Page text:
Finding the Balance in Learning With Digital Devices

One of the biggest challenges when it comes to teaching with digital devices is finding the right balance between traditional and modern methods of learning. For the best results, educators should try to balance electronic time with time in the classroom spent reading, writing, and playing board games. The AAP also recommends balancing the time students spend in the classroom with offline materials, including newspapers, books, and face-to-face time with other students.

The use of electronic devices in the classroom is not without its benefits. For example, instant video access and the use of new digital equipment can enhance learning. For example, students can view the “I Have a Dream” speech by Martin Luther King or the first steps on the moon. In addition, the ability to see bridges being built or presidential speeches being delivered makes history more real for students.

To maximize the benefits of digital devices for learning, school systems should carefully select the best device for students. The choice should involve multiple stakeholders and the school’s needs and goals. The system should consider how it will use the devices in the classroom, its content needs, and its role outside of the classroom. Also, it must consider the device’s functionality and overall cost of ownership.

The use of educational technologies should support critical thinking, problem-solving, and interactivity. For instance, educational games, videos, photographing and websites can help students engage in problem solving, creativity, and collaboration. In addition, interactive digital activities can help students develop higher-order thinking skills and deeper content exploration.

Ultimately, a healthy balance between digital devices and traditional teaching is essential. It is important to remember that the majority of today’s students have never known a world without high-speed internet, which they use as a means to communicate, socialize, and obtain formal education. Therefore, teachers should approach this technology as an aid to teaching and not as a substitute for it.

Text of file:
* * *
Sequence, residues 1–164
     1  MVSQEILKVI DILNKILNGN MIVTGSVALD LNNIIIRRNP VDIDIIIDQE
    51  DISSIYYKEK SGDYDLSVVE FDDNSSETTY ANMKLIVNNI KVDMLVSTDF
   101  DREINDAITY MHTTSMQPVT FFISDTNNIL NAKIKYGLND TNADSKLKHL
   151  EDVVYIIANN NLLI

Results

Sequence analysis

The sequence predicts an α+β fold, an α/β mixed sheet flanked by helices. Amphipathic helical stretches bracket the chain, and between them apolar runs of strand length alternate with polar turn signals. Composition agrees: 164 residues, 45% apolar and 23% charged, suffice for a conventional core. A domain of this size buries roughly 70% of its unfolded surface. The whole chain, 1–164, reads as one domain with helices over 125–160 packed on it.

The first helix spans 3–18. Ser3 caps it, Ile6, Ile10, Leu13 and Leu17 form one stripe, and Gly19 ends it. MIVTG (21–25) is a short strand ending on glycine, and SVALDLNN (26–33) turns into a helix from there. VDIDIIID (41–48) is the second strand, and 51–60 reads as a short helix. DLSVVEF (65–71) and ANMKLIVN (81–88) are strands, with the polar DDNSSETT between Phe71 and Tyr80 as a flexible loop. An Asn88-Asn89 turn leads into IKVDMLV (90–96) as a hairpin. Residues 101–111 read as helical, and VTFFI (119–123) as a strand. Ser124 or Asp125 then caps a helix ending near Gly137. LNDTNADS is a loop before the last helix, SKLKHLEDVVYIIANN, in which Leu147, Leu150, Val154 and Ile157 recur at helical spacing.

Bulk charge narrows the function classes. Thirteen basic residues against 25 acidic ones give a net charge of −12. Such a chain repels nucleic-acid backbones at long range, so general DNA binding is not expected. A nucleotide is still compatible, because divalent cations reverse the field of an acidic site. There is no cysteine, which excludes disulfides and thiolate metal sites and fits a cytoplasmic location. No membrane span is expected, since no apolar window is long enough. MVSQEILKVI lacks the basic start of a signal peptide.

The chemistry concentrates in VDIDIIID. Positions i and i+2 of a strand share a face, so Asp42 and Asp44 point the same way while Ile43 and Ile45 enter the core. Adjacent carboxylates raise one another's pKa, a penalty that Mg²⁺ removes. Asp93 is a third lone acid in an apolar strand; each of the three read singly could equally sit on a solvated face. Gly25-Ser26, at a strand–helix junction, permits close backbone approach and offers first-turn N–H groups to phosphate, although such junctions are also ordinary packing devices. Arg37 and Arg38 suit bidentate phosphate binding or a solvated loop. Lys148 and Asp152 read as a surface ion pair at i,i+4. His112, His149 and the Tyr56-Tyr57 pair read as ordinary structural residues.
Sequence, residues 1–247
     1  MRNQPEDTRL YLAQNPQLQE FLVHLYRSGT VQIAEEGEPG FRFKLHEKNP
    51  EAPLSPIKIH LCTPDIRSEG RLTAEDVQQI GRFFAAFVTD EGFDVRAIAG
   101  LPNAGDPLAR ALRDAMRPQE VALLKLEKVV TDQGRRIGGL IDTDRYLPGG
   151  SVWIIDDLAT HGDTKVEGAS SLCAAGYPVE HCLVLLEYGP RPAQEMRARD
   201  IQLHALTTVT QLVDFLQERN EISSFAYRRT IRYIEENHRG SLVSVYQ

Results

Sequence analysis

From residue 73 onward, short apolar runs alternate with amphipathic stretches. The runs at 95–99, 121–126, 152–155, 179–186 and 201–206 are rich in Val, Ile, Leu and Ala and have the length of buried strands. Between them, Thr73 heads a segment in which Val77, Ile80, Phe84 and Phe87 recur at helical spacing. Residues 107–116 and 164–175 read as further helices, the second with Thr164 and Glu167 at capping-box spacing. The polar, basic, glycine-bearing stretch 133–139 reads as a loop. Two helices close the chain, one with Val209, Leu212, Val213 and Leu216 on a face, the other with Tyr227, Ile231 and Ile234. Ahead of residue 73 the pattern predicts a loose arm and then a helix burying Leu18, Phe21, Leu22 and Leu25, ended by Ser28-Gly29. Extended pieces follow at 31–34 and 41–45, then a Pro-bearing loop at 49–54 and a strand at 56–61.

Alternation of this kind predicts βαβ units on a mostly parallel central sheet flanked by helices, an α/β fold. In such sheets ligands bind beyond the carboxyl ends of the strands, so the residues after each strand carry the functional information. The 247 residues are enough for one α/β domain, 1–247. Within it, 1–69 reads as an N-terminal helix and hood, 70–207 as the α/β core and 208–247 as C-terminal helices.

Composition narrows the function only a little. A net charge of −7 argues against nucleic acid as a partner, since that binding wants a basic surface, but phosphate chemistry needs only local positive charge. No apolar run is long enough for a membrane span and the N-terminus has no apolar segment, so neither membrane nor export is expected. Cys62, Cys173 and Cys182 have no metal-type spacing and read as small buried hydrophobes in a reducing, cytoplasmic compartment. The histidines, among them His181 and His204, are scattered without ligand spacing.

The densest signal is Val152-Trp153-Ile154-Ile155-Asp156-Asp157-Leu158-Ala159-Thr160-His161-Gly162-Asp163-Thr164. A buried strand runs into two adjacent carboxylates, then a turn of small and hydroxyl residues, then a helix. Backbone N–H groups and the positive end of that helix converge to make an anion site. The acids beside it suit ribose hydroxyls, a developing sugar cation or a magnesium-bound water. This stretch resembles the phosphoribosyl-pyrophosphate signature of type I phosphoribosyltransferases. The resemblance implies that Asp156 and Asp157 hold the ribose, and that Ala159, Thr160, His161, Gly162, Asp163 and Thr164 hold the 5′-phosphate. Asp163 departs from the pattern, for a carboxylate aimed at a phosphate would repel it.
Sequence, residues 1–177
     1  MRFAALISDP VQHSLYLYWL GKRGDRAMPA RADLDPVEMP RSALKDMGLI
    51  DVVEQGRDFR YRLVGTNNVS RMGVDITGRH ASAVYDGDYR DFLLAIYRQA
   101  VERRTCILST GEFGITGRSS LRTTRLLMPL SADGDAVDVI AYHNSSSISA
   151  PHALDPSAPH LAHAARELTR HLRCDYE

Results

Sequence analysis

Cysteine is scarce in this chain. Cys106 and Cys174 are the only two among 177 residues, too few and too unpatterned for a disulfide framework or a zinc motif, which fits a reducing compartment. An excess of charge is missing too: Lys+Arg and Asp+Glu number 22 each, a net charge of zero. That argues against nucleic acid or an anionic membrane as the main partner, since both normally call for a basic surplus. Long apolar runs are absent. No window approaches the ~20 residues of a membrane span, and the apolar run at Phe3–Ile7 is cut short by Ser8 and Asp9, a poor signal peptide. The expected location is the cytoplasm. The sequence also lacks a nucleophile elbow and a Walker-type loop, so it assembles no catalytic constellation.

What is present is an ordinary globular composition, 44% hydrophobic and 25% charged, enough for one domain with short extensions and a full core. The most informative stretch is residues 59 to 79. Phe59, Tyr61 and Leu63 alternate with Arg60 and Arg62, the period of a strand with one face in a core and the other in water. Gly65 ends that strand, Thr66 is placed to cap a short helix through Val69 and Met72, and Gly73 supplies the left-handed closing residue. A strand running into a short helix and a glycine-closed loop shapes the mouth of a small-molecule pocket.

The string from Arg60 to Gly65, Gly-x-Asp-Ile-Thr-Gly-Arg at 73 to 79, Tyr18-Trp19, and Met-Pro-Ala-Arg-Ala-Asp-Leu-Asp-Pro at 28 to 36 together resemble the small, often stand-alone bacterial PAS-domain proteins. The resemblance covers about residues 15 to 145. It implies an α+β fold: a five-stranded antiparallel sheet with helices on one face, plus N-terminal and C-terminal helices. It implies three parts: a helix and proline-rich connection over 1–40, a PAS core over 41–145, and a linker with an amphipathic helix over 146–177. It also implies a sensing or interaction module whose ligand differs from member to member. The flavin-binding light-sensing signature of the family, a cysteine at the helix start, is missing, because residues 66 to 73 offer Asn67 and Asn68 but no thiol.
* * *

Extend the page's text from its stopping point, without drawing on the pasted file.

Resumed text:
Too much screen time can have negative effects on students’ development, health, and long-term success. To help teachers balance their digital devices and classroom activities, the Common Sense Media organization offers curriculum resources and professional development resources for educators. Teachers should also take time to plan and collaborate with students. Common Sense Media resources emphasize critical thinking, digital citizenship, and student safety.

Teachers should set limits on the time students can spend with digital devices. For example, they can limit access to certain websites on their network. This is crucial for monitoring student use, as students might access inappropriate links on their devices. Furthermore, students may also use their devices for social networking, which could distract them from learning.

Teachers should also set clear boundaries in their classrooms regarding the use of digital devices. Educators should create protocols to control the use of digital devices, which would ensure that technology complements current teaching methodologies without making teachers feel like they don’t have any talent. If teachers take calculated risks, their schools will not spiral out of control. There are thousands of edtech products available, but not all of them will work in every classroom. Ultimately, teachers should choose what works best for them and their students.